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    MAGIKBETH   4,571
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big Day

Wednesday, May 07, 2008

As promised, I had an interesting day yesterday and now here is the travel log and photos to go with it.

We hired a guide to take us to the Mount of Olives to see the many places up there that are not really within walking distance for normal humans without a camel to ride or some kind of donkey. For me, a taxi was the way to go. Considering that some of the areas it felt like we are taking off in a small plane on a short runway and could not have sat up if we wanted to.

We started at the garden of Gethsemane, or where Jesus spent his last night before he was arrested. The olive trees there are still original from that time. There are 8 of them. I have attached a photo. The garden is lovely, but tourists are only allowed to walk the perimeter, not go inside. The church of all nations is there, it has mosaics dating from the 5th century, they are under glass so the photos did not come out at all. There is also the rock where Jesus prayed the three prayers before his arrest. It is right under the Catholic alter and the chairs around it are for Mass. There was a service in progress while we were there, so it was difficult to actually see much. I was impressed with this church because several countries all got together and built it with no fighting. With as much blood that has been shed in this area, that in itself was a miracle.

Next was the Dominus Flevit, or the Lord Wept church. There are spectacular views of the old city from the sanctuary of the church and a mosaic from the 5th century that is completely intact. Also part of what came alive for me was an excavation of hundreds of tiny stone caskets that held the remains of infant boys that were put to death in order to kill the coming Messiah after it was fortold that Jesus was being born. Seeing the piles of them, no bigger than a modern cement block drove home the amount of fear that must have pervaded the area during that time.

The church of the Pasternoster, or Our Father is a church that houses the place where Jesus taught the Lord's prayer to his apostles. It is written on huge wall plaques taller than me in over 150 different languages. When it was first built it housed the plaques is 60 languages. The reason they have built the church is due to an excavation of the Lord's prayer on a tablet that was written in Latin. The church has been rebuilt and expanded several times since the times of the crusaders. There is also a Carmelite nunnery that runs the gift shop there. Lots of things made of Olive wood, plus hand embroidered Rosary bags made by the nuns. I got most of my souvenirs there.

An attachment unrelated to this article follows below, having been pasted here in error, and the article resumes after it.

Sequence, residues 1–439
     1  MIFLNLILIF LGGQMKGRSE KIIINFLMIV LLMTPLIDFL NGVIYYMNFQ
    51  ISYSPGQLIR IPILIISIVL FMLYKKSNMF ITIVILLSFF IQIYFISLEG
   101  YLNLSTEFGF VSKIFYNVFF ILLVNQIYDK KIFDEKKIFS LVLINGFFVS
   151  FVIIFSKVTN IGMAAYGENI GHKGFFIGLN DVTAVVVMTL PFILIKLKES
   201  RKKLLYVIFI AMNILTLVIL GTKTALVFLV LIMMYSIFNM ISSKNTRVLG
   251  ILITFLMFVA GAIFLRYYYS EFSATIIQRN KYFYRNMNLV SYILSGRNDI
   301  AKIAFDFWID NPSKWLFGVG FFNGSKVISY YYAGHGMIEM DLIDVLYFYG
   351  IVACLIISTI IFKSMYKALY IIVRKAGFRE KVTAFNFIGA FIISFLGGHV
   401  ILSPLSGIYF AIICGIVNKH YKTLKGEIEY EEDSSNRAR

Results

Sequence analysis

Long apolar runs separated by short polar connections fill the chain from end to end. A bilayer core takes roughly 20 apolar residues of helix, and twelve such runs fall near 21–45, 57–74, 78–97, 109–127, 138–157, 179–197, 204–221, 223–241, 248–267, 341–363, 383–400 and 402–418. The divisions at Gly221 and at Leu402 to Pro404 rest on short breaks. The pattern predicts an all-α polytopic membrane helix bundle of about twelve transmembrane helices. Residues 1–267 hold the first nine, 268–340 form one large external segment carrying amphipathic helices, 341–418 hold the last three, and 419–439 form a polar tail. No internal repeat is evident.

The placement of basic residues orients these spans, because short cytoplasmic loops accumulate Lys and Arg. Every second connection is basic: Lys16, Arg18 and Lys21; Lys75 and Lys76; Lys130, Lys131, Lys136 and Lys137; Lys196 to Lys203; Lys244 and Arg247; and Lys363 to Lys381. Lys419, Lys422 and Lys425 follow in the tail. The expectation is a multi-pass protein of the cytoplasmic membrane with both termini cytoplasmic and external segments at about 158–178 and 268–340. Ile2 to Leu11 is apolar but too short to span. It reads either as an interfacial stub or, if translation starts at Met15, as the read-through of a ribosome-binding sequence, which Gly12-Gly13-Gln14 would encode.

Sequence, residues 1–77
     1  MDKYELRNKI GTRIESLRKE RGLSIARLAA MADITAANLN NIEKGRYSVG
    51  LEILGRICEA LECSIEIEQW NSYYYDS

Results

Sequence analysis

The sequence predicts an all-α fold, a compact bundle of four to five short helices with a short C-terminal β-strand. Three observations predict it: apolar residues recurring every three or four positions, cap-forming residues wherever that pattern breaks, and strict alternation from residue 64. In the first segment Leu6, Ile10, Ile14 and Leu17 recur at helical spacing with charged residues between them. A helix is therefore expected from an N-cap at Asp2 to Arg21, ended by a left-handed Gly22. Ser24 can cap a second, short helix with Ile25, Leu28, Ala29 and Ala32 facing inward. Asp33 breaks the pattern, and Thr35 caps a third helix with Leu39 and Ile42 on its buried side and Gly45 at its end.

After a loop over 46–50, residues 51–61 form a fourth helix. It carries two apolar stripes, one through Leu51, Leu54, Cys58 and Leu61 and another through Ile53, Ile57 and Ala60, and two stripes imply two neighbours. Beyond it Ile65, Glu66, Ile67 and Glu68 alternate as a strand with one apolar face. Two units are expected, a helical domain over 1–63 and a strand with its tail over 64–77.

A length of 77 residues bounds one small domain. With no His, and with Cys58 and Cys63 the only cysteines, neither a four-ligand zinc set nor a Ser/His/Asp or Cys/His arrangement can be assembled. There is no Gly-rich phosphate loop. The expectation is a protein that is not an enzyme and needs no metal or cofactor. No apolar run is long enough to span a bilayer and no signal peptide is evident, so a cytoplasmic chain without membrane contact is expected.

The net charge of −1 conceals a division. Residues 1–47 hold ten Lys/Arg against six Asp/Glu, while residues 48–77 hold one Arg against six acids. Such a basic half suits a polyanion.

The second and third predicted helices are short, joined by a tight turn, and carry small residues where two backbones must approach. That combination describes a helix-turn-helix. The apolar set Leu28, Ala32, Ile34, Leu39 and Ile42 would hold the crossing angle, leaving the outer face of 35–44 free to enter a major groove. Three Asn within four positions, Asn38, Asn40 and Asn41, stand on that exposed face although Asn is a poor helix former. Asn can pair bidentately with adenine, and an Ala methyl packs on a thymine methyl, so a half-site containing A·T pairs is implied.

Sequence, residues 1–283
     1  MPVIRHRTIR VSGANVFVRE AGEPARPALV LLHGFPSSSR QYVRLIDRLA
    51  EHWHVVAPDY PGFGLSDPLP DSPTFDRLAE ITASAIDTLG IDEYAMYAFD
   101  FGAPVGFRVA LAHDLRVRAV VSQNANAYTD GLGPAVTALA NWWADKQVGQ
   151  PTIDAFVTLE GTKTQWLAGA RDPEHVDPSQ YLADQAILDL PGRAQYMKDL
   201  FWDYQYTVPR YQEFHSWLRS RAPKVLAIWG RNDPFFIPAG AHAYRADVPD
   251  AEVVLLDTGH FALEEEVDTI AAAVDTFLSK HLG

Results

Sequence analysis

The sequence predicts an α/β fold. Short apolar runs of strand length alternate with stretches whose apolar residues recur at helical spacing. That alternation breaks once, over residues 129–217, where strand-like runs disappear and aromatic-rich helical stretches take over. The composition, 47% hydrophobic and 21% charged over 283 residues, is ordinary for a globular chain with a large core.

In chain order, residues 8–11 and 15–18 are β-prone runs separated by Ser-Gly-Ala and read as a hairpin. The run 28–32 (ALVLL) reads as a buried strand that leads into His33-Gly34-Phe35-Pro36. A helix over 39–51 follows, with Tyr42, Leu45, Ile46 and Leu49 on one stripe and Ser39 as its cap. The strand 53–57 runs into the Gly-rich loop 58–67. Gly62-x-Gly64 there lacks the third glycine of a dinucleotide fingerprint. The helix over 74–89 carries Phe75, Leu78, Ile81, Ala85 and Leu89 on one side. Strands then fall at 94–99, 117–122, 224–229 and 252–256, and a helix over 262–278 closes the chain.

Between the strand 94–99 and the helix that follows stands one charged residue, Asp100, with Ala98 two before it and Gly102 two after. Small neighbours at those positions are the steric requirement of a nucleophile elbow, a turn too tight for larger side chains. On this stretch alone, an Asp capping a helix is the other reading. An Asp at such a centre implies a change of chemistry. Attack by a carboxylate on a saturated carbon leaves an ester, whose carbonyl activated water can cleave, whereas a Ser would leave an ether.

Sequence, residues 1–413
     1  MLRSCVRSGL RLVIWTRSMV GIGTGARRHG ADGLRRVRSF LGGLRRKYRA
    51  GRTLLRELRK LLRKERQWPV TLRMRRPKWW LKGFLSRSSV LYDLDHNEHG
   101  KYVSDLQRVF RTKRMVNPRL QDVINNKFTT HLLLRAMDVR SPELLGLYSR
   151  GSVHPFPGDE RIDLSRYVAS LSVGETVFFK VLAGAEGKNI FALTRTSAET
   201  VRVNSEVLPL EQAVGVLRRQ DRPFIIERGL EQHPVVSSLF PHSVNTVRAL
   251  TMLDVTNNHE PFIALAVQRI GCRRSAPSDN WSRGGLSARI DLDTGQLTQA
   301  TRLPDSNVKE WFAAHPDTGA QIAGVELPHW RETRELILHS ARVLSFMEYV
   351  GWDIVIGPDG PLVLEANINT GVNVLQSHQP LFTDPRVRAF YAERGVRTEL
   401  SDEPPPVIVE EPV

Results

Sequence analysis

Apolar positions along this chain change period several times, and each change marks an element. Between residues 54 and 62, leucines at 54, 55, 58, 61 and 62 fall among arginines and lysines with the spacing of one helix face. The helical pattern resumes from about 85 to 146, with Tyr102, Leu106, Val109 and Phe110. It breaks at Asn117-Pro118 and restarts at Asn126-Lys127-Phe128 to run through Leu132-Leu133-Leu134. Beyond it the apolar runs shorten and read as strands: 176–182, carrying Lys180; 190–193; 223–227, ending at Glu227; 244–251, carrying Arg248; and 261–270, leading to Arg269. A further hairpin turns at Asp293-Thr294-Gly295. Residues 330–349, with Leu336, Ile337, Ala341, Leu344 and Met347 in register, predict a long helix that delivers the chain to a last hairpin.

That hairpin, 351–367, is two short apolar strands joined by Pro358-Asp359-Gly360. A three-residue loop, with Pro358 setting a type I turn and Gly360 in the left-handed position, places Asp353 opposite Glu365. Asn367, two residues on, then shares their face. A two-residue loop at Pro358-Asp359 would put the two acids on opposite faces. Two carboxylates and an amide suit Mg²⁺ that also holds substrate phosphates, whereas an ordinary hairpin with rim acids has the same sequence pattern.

We had to skip the church of Mary Magdalene because it was closed. Another time. I still have two weeks.

Next was the tomb of the Virgin. This is where the disciples took Mary's body to be protected. There is also the house of Mary that just holds a sarcophagus and notes the place where she was ascended into heaven body and soul. The two places are separate and different Christian religions believe different things. We also visited the home of Mary, where her parents are buried.

The tomb of king David is the exact same place as the hall of the last supper. They were both built in the time of the crusaders to mark these significant places. There is also a mosque on the same property from the time when there was full Muslim rule.

The last stop on top of the Mt. Zion was of course, a gift shop recommended by the tour guide. It was huge and we had the place to ourselves because two tours buses had just left. We had the best tea ever and wandered for at least 30 minutes. I finally found the roman glass pendant I wanted and some earrings that I will probably take apart when I get home. I liked the glass, but the design just did not do anything for me.